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The significant Late Neolithic and Early Bronze Age Cycladic culture is best known for its schematic flat female idols carved out of the islands' pure white marble centuries after the great Middle Bronze Age ("Minoan") culture arose in Crete, to the south. These figures have been stolen from burials to satisfy the Cycladic antiquities market since the early 20th century. Only about 40% of the 1,400 figurines found are of known origin, since looters destroyed evidence of the rest.
A distinctive Neolithic culture amalgamating Anatolian and mainland Greek elements arose in the western Aegean before 4000 BC, based on emmer wheat and wild-type barley, sheep and goats, pigs, and tuna that were apparently speared from small boats (Rutter). Excavated sites include Saliagos and Kephala (on Keos), which showed signs of copper-working. Each of the small Cycladic islands could support no more than a few thousand people, though Late Cycladic boat models show that fifty oarsmen could be assembled from the scattered communities (Rutter). When the highly organized palace-culture of Crete arose, the islands faded into insignificance, with the exception of Delos, which retained its archaic reputation as a sanctuary through the period of Classical Greek civilization (see Delian League).
The chronology of Cycladic civilization is divided into three major sequences: Early, Middle and Late Cycladic. The early period, beginning ca. 3000 BC segued into the archaeologically murkier Middle Cycladic ca. 2500 BC. By the end of the Late Cycladic sequence (ca. 2000 BC) there was essential convergence between Cycladic and Minoan civilization.
There is some tension between the dating systems used for Cycladic civilization, one "cultural" and one "chronological." Attempts to link them lead to varying combinations; the most common are outlined below:
|Cycladic chronology |
|Early Cycladic I (ECI)||Grotta-Pelos|
|Early Cycladic II (ECII)||Keros-Syros|
|Early Cycladic III (ECIII)||Kastri|
|Middle Cycladic I (MCI)||Phylakopi|
|Middle Cycladic II (MCII)|
|Middle Cycladic III (MCIII)|
|Late Cycladic I|
|Late Cycladic II|
|Late Cycladic II|
The first archaeological excavations of the 1880s were followed by systematic work by the British School at Athens and by Christos Tsountas, who investigated burial sites on several islands in 1898-99 and coined the term "Cycladic civilization". Interest then lagged, but picked up in the mid-20th century, as collectors competed for the modern-looking figures that seemed so similar to sculpture by Jean Arp or Constantin Brancusi. Sites were looted and a brisk trade in forgeries arose. The context for many of these Cycladic Figurines has thus been mostly destroyed; their meaning may never be completely understood. Another intriguing and mysterious object is that of the Cycladic frying pans. More accurate archaeology has revealed the broad outlines of a farming and seafaring culture that had immigrated from Asia Minor ca. 5000 BC.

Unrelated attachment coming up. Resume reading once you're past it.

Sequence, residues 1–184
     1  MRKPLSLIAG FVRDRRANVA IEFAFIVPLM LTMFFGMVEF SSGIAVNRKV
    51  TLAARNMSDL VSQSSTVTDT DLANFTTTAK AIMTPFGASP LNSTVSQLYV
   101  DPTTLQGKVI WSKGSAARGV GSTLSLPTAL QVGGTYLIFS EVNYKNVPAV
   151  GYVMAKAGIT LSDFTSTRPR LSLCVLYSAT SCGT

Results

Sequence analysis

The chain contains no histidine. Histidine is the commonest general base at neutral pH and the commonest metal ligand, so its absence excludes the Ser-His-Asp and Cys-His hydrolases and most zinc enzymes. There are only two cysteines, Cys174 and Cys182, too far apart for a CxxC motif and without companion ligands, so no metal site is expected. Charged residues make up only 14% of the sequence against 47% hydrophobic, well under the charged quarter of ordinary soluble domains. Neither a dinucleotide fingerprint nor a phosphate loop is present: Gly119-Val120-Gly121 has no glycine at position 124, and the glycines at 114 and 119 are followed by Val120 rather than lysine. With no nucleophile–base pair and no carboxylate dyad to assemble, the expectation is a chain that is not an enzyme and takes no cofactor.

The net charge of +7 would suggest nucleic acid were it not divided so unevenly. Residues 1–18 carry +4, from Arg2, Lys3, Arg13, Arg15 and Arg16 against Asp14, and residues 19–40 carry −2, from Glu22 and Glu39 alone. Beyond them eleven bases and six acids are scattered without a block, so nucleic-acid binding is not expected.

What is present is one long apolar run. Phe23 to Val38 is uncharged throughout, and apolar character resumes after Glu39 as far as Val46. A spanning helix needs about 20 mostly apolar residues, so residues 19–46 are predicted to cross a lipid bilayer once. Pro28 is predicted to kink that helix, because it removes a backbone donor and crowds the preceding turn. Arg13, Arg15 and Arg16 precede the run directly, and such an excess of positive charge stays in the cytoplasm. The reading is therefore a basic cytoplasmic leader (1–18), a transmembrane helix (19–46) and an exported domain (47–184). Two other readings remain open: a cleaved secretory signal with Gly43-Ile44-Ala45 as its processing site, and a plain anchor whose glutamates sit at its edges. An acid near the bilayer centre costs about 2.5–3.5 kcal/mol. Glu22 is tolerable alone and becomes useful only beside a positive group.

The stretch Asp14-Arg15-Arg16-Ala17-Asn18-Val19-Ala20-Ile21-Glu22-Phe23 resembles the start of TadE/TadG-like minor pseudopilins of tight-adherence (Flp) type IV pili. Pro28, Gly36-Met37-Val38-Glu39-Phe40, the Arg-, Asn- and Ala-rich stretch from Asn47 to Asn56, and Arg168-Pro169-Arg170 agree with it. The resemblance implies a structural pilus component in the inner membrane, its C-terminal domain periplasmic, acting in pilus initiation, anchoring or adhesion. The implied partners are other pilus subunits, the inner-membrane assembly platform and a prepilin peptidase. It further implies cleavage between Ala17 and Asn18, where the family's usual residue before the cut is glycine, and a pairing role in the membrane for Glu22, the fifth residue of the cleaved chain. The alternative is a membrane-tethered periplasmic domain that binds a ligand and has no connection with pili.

Early Cycladic culture evolved in three phases, between ca. 3300 - 2000 BC, when it was increasingly submerged in the rising influence of Minoan Crete. Excavations at Knossos on Crete reveal an influence of Cycladic civilization upon Knossos in the period 3400 BC to 2000 BC as evidenced from pottery finds at Knossos.
The culture of mainland Greece contemporary with Cycladic culture is termed Helladic.
There is an obvious cultural continuation of the populations in the Balkan region - see the striking resemblance to the Hamangia culture and the Cucuteni culture, 2000 years before. Colin Renfrew considers this population Proto-Indo-European, while J. P. Mallory considers it rather pre-Indoeuropean.